5. How about if they are informed of the multiple long-term studies showing that stimulants do not improve ANY long-term outcomes for “medicated” vs. “unmedicated” students, including academic test scores, high school graduation, college enrollment, grades passed, delinquency rates, teen pregnancy rates, social skills, or even self-esteem ratings? Why is this rarely if ever mentioned in critiques of stimulant drugs for “ADHD”-diagnosed children? If long-term outcomes are not improved (or in some studies, made worse), what is the purpose of drugging these kids, even if one accepts the concept that “ADHD” exists as a disease state (which I do not)?

  6. Steve,
    It is always helpful to see you write about the knowledge you have. My only knowledge on this junk is from the extreme harm that was done to me by being drugged as a child. The purpose of it in my life was simple to shut up and not have a problem, we dont have time for that, and go along with everything, which included drugs that decreased my brain power that would have allowed me to question the ridiculousness/abuse of adults.
    Thank you again for your knowledge. The knowledge I was first told that there is something wrong with me and I need “medicine” for the rest of my life has turned out to be horrifically wrong.

      • I could not agree more with that diagnosis. I read one in Mindfreedom that fit me ” My affluent parents and teachers dont understand me disorder.” In the 80’s the label that seemed more popular was Bipolar. I can not stress enough how internally torturous the so called Bipolar meds are. You told me Steve that now the ADHD meds induce psychosis so now young children are labeled Bipolar. There really is this much evil in the world that we allow children to be drugged to the point that their brain cant function and we call them mentally disabled? Maybe the stupid teachers get them to sit for school but after graduation a life on unnecessary mind altering drugs and parents who dont understand you was a living hell for me. I am having such a hard time accepting this.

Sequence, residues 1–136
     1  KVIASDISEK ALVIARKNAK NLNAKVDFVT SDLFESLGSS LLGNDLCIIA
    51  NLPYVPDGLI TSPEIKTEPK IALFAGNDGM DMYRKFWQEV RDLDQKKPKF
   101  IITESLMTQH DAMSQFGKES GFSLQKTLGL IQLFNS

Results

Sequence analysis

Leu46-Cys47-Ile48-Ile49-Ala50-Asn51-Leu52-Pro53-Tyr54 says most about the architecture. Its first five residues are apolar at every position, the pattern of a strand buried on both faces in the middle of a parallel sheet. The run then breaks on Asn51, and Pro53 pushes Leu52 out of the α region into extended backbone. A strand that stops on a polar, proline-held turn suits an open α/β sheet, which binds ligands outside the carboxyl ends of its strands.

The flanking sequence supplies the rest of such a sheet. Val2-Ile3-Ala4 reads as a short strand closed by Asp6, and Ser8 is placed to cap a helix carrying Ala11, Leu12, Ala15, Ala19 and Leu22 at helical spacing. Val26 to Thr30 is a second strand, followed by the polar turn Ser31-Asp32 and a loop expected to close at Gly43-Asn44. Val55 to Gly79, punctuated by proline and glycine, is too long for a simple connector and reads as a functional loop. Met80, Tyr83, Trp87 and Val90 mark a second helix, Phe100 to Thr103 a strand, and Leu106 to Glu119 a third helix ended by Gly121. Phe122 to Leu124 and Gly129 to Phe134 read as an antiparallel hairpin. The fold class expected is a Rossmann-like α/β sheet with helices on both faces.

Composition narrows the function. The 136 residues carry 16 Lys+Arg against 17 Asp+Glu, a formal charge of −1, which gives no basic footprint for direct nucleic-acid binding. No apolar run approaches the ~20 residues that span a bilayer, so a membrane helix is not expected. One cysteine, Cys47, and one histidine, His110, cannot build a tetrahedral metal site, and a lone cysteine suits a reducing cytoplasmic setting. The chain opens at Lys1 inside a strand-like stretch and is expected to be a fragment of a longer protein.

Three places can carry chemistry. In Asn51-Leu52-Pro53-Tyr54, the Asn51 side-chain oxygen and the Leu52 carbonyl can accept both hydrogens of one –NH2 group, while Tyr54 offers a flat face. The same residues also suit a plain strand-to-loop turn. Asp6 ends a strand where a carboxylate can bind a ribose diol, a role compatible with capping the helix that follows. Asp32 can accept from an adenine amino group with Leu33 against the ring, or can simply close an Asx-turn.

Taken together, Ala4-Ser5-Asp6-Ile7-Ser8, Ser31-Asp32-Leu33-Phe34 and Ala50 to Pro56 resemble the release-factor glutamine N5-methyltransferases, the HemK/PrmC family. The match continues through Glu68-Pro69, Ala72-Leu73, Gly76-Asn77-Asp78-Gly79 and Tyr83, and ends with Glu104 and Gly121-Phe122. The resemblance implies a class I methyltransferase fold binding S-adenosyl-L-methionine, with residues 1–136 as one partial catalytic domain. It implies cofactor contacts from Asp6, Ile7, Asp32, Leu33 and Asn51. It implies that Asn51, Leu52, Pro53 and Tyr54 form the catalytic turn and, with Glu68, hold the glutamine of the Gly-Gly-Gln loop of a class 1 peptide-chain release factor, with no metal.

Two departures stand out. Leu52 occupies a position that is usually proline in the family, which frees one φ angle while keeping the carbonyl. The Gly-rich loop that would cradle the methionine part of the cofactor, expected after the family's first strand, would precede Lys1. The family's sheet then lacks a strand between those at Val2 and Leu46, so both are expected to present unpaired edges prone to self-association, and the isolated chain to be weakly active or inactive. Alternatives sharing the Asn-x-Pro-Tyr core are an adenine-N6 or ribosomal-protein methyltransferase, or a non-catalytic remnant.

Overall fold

7. Here is more perspective… If the adults dont drug the child for “ADHD” the other “treatment” is more time or what the school system calls services. I have ex friends who have been arguing with the school district to get their child “services”. It really does not take a person like a speech therapist or occupational therapist who has 6 years of post secondary education to teach a child how to spell and do basic adding. Why dont the parents slow down and take the what is viewed as extra time with their children?

  8. Unless and until these pharma handmaidens are held accountable for their complicity in the fraud and stop hiding behind their ignorance and indoctrination into the thought cult, business as usual will continue. The fact that they are willing to do this to the children in their care, speaks volumes.
    Considering the very real risks to parents who attempt to protect their kids from this cartel, it is possible that ‘teachers” are under some threat as well.
    See: Medically Kidnapped.

    • This is so awful. I am afraid to read medically kidnapped. I am so new to the truth. When my stomach stops turning I will read that topic. Is it true that the pharma companies get away with this bc they have so much money they just buy the government? That sounds like a very naive question huh? If this is our world as it appears to be I do not blame any one for getting out of here through suicide. And the “help” you get to cope in this awful world is a SSRI that a main side effect is suicidal ideation. They called me the crazy Bipolar one. I know better now!!!

  9. The researchers lost me at “thirty teachers were interviewed”. Seems infinitely insignificant compared to the amount of school age children using medications. I’d like to see this unfortunate trend (at medication) hit with a power swing not a swat.